What did not happen in Italy on the 22th May 1978 e in Ireland on the 25th May 2018, happened yesterday in Argentina. The legalisation of abortion has been historically rejected by 38 deputees against 31, by preferring to save “both lives” – according to the Argentinian pro-life slogans – the mother’s and the child’s. The militancy for the “no” side by the Episcopal conference, guided by Bishops close to Argentinian Pope Bergoglio and personally chosen by him, was pretty influential.
It was a defeat for the powerful mediatic apparatus which literally censored thousands of pro-life demonstrators characterised by the colour “light blue”: on the newspaper’s page there are only and exclusively pictures of “green” flags, the pro-abortion ones (and also in these first minutes after the vote, the foreign newspapers – in Italy almost nobody has reported this news yet – choose pictures of “green” sad and disconsolate demonstrators while ignoring the exulting “light blue sea”). An example amongst all the other ones: although a survey had reported that the majority of the Argentinian women was sided against abortion, but Italian newspaper La Stampa was giving information about the event by recounting the women’s battle for legal abortion and by giving visibility only to the “green sea”.
It is a victory for those who do not believe that history is irreversible. The fact that Ireland surrendered does not mean that the battle for the right to life is compromised. El Salvador has recently rejected the bill on the interruption of pregnancy, thereby frustrating the pressures by the New York Times e Amnesty International –, and the same was done by Argentina.
Day before yesterday we were reporting how much the Church put herself out till the end, as was reminded by Clarin, the main newspaper of Buenos Aires. Even l’Osservatore Romano and Vatican News followed the debate in these months and highlighted the mobilisation in defence of life and “in favour of the discarded”. Bergoglian language, clearly, as the Pope was, though, a protagonist. Firstly, because the Bishops organised marches and celebrations, asked for the intercession of the Virgin of Luján – patron of the Argentinian people –, animated Catholics, Protestants, and non-Catholics with many quotes of Pope Francis on abortion as tragedy and «not as a right» (according to the words of Bishop Oscar Ojea). Secondly, because the most active pastors were Víctor Manuel Fernández, Archbishop of La Plata and personal collaborator of Pope Bergoglio, and card. Mario Poli, Archbishop of Buenos Aires, who kept the anti-abortion deputees united, Poli was chosen by Francis as his successor in the Archdiocesis of the Argentinian Capital, where he celebrated a Mass “for life”.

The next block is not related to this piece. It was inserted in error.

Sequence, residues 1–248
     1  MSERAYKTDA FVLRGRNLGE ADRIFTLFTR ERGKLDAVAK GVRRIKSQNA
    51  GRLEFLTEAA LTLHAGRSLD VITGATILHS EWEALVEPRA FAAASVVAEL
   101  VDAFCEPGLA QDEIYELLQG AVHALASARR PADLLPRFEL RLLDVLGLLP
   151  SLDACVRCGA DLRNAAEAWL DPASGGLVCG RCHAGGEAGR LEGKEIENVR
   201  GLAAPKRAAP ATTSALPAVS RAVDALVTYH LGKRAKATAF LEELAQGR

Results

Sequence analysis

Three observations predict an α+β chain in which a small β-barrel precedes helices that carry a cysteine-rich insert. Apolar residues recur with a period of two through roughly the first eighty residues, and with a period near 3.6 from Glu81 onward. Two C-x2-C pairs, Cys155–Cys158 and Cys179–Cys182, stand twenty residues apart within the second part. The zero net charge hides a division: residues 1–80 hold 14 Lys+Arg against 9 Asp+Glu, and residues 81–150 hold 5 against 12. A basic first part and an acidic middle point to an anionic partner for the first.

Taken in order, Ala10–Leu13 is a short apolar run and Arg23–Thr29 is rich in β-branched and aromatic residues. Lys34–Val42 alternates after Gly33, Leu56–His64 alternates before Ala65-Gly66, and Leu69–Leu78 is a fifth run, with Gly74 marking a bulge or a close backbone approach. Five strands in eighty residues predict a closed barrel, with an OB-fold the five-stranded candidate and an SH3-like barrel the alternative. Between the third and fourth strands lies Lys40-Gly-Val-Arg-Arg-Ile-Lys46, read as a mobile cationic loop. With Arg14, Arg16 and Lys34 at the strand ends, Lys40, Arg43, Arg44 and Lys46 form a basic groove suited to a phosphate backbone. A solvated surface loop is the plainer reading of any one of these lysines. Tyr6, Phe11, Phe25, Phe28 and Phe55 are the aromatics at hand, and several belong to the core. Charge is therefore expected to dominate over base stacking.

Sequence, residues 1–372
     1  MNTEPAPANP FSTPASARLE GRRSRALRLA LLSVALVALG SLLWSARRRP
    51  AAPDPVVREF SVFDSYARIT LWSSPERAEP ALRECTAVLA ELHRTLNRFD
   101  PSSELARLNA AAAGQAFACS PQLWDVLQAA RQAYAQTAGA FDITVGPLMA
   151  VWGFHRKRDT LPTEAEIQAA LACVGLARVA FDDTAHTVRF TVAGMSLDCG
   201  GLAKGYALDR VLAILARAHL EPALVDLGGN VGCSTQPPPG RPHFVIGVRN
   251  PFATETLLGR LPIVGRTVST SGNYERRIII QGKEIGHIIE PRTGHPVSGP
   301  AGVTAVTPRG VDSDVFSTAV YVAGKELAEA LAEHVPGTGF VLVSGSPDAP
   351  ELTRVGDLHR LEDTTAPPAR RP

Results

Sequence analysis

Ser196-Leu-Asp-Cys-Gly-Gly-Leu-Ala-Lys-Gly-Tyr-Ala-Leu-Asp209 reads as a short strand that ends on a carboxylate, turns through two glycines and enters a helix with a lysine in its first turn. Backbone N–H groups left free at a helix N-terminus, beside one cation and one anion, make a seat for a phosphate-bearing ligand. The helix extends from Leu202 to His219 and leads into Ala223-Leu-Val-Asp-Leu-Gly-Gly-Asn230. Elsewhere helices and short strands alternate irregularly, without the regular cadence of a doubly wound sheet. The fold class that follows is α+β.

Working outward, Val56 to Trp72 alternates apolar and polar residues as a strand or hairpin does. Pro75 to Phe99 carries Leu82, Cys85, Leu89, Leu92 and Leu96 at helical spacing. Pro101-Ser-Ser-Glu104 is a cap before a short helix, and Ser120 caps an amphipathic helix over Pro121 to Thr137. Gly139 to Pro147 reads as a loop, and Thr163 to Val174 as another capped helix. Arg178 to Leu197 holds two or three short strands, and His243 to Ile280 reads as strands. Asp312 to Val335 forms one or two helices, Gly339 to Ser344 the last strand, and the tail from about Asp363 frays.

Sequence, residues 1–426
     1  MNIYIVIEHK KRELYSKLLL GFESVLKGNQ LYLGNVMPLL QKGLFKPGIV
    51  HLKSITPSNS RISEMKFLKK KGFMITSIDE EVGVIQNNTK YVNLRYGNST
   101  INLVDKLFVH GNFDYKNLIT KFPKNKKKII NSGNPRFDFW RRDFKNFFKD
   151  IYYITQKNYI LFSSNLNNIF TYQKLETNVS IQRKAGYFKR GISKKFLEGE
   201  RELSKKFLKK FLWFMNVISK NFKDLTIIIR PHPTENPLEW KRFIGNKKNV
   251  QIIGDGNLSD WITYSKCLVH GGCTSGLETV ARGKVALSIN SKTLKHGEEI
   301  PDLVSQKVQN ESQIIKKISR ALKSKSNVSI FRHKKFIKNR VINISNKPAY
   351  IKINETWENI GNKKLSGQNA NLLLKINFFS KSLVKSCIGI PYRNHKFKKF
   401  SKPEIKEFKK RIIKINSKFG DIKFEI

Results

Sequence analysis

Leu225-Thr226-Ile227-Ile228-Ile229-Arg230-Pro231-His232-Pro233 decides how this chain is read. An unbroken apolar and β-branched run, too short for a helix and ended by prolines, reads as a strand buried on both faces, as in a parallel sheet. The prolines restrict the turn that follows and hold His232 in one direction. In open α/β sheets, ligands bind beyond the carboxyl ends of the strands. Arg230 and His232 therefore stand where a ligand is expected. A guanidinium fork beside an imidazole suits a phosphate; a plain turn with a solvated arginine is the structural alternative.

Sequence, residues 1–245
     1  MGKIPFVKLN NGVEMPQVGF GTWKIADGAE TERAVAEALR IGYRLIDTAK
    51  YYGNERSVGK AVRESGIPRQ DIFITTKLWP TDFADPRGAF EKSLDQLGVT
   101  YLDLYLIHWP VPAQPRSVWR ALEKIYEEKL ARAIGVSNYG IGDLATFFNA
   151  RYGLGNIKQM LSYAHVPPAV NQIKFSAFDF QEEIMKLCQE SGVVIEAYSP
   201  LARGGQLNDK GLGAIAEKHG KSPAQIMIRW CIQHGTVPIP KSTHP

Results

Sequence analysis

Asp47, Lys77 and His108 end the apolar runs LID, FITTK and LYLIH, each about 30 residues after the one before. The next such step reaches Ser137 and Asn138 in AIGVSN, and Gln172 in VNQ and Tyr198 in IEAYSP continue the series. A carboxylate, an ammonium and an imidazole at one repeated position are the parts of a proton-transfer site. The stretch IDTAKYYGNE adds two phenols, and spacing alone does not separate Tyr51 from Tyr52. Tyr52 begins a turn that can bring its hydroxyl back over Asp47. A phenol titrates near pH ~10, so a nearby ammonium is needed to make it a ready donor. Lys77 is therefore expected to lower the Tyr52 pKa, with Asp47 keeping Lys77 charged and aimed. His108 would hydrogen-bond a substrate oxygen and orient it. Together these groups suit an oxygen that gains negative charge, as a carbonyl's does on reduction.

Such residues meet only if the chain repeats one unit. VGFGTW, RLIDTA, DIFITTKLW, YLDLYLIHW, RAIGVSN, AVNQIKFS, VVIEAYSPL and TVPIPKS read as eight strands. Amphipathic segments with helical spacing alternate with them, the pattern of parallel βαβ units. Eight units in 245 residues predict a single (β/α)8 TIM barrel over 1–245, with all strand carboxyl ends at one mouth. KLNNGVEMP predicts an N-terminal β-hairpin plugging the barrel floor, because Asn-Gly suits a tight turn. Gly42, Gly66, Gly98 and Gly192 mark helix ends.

The Episcopal Conference managed to mobilise many votes of the the left wing and of the feminists. The intervention that will be remembered the longest will be the one of deputee Luis Gustavo Contigiani, member of the Frente Progresista Cívico y Social, who, aware of the incidence of his words, announced – with passion and emotion – his support to life. As a convinced socialist, he stated that «there is no more revolutionary act than to defend life and social justice for the homeland. I cannot dissociate my fight for social justice, for the development of our country, for the weaker, for the equality of opportunities from the one for the right to life of who is in his mother’s womb and has the same right to live as his mother. We do justice in the economic field; I am the first to defend work, to defend the poor, but in the field of life we are privatists: we surrender to the market; there is no more public interest, nobody that defends anyone. I desire to be coherent, Mr. President!». And there was coherence.
The Editorial staff